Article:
Sewing Room Organization Part 5: Quilting Design Walls

Welcome back to the final post in a series on Sewing Room Organization. This week I’m going to show you how I built the design wall that I use when quilting, and I will also show a few organizational tips for how I make it work for me.

Sewing Work Zone 5: Design Wall

I find that a design wall is an absolute necessity for me. It’s very helpful to see where I have colors pooling or anything else that might look off.

My first design wall was a ready made one that I purchased. It was similar to one of those plastic flannel-backed tablecloths, and I will tell you that it was a complete waste of money. I was never happy with it, as blocks just didn’t really stick well.

My current design wall

Disclaimer: this is not my original idea, and I have no idea who first came up with this. One of my quilting friends showed this idea to me and I copied it right away and ditched the store bought design wall.

How I made a simple foam core design wall

I purchased nine 20″ x 30″ foam core boards from Hobby Lobby, and I bought enough cream-colored flannel to cover each one. You might be able to use larger sized boards, but this size worked nicely because using 42″ wide flannel I was able to cover two boards per yard. I cut the flannel and secured it to the back side of the boards with duct tape. Starting at my baseboard, I arranged them in a 3×3 grid, with each board resting snugly against the boards next to it.

Photo of Quilting Design Wall

Originally, I tried hanging each board with 3M Command Strips, but they just didn’t work well. Ultimately, I put large drapery pins in each corner and pinned them to my walls. While that may have put quite a few holes in my wall, the holes are much smaller than any other type of hanging device would have been.

Photo of cutout for electrical outlet for the quilt design wall

One other little thing to point out is that I have an electrical outlet on this wall.  I carefully measured where the cutout would need to be in that foam core board and cut it out so the board would fit just right over the outlet.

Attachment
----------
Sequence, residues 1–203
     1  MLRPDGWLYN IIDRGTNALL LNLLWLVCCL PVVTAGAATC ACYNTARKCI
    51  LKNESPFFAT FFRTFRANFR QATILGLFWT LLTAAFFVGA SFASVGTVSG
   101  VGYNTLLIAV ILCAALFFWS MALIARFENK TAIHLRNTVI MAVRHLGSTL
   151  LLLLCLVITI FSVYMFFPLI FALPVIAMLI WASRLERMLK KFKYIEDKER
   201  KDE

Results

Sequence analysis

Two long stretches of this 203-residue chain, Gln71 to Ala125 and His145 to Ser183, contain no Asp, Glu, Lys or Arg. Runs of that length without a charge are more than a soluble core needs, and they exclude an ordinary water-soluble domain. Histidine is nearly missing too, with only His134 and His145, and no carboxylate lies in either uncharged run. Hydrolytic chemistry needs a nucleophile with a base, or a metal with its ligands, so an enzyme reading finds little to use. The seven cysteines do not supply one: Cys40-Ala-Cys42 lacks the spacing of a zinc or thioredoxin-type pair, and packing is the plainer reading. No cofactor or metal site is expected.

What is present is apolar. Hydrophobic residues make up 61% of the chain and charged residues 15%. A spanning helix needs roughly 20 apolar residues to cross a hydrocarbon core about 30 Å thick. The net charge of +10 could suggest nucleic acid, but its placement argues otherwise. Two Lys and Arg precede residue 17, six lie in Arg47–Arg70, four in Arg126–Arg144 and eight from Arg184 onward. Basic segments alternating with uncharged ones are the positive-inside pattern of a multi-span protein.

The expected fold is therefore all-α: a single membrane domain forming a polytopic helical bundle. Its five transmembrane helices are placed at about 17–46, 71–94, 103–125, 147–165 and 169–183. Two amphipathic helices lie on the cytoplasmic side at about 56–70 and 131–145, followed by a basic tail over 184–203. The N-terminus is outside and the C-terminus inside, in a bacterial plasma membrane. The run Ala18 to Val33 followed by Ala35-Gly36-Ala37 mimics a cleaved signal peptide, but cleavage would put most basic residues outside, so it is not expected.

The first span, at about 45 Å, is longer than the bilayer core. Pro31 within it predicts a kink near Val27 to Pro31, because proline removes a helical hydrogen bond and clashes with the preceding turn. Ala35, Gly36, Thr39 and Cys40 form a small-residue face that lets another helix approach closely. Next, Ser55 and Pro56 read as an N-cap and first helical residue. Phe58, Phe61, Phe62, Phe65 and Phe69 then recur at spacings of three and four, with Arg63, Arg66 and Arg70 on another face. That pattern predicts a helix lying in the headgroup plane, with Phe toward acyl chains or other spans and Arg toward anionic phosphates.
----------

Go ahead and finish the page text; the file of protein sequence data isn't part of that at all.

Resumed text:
How well does this design wall work?

This design wall set up actually works quite well for me. The only drawback is that in the summer when I run the ceiling fan, the blocks can get blown off. I keep some small pins nearby and usually put a pin in each one to prevent a cyclone of quilt blocks.

In the corner between my design wall and cutting station, I have an old hanging lamp that has been in the family for generations. My husband’s grandfather made it. I love having the extra light above the work area, but I realized that the chain that runs down the wall was unused storage space.  I rounded up a few unused carabiner hooks from the junk drawer and hung up a lint roller along with a few other items I frequently need in this area. (The lint roller is one of my best friends, and is great for cleaning up the stray threads that collect on the design wall and other places.)

Photo of a chain from a hanging lamp with a pin cushion and lint roller hanging from it
Some handy items attached to the chain of my hanging lamp near my design wall – a pin cushion and a lint roller!

You may remember from Part 2 that right in the corner there hangs a little dry erase marker board. It’s ideally placed for me to jot down measurements when designing, and the little tray that hangs below it holds some dry erase markers and (usually) my design notebook where I keep more detailed notes and ideas.

Photo of a cutting table in sewing room with no clutter

So, that wraps up this “little” tour of my sewing space that turned into a five-part mini-series! I will be back next week with a sneak peek into some of my friends sewing spaces. Until then,

 

Happy Quilting!

2 COMMENTS

  1. Carla | 9th Nov 18

    Thanks for sharing this series on organization. You have some great ideas!

    • Maria | 9th Nov 18

      Carla, Thanks so much for the feedback! In some future posts, I think that we will find some even better ideas as we peek into some other sewing rooms! Best regards, Maria

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